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Heritage Village
Entry 4 of 20
This is a contributing entry for Heritage Village and only appears as part of that tour.Learn More.
This reproduction bandstand is a replica of the former Williams Park Bandstand built in 1890 in St. Petersburg, Fl.

  • Williams Park Bandstand replica at Heritage Village, Largo, Florida, in 1987. The original bandstand was destroyed in the Tampa Bay Hurricane of 1921.
  • Aerial view of Williams Park in downtown St. Petersburg, Florida, circa 1965.
  • John C. Williams, circa 1890. The namesake of Williams Park in St. Petersburg, Williams and his wife Sarah Graven Judge, helped bring the Orange Belt Railroad to St. Petersburg, leading directly to the city’s incorporation. John Williams passed away in 1892, after which Sarah Judge married Capt. James A. Armistead in 1894.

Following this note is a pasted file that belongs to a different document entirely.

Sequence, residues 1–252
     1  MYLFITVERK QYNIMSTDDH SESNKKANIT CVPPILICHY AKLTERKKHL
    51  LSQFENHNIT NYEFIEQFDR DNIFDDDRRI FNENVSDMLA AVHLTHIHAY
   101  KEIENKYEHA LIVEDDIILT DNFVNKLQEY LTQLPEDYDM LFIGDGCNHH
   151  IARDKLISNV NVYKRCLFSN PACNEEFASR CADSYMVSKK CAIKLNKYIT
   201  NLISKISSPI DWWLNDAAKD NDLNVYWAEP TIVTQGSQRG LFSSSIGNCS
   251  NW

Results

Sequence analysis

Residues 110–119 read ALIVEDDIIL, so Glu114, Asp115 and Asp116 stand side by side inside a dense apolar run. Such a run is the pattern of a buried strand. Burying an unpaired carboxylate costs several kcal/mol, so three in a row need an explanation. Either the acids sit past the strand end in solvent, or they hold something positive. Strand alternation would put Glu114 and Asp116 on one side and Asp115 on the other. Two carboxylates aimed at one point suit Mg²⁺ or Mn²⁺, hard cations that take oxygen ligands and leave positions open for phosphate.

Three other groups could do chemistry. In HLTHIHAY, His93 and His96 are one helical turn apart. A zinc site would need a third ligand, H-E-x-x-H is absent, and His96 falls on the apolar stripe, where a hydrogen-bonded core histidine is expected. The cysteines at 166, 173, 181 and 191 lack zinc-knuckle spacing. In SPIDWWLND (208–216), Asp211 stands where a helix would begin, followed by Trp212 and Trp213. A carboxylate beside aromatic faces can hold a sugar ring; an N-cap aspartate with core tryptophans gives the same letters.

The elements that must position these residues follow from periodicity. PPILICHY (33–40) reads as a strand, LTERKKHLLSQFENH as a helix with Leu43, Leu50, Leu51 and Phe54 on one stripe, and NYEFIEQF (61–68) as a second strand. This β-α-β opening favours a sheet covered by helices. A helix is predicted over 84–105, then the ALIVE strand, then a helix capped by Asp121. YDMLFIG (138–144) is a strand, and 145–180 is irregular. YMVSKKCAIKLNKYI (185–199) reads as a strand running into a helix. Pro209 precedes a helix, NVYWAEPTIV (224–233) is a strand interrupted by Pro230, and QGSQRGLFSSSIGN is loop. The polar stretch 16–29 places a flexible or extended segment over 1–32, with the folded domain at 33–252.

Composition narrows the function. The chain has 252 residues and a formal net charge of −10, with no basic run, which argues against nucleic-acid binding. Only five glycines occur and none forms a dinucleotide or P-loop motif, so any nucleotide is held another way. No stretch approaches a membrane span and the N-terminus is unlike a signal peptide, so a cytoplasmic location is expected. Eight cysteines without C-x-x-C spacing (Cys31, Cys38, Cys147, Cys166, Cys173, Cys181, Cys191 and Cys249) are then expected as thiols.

• Headquarters of the St. Petersburg Women’s Town Improvement Association in downtown St. Petersburg, circa 1913. This building no longer exists. The WTIA was founded in 1901 and first met in the Detroit Hotel. Sarah Armistead, the widow of John C. Williams, was an early member of the WTIA. The WTIA continued the work of the Park Improvement Association, who were responsible for building the bandstand, in beautifying Williams Park.
  • Fountain in Williams Park, St. Petersburg, Florida, circa 1908. This fountain, once located in front of the Williams Park bandstand, was one of the improvements paid for and maintained by the Women’s Town Improvement Association.
  • Michigan Picnic at the Williams Park bandstand in St. Petersburg, Florida, December 20, 1894. The Williams Park bandstand was built Park Improvement Association, comprised of leading women from the St. Petersburg community.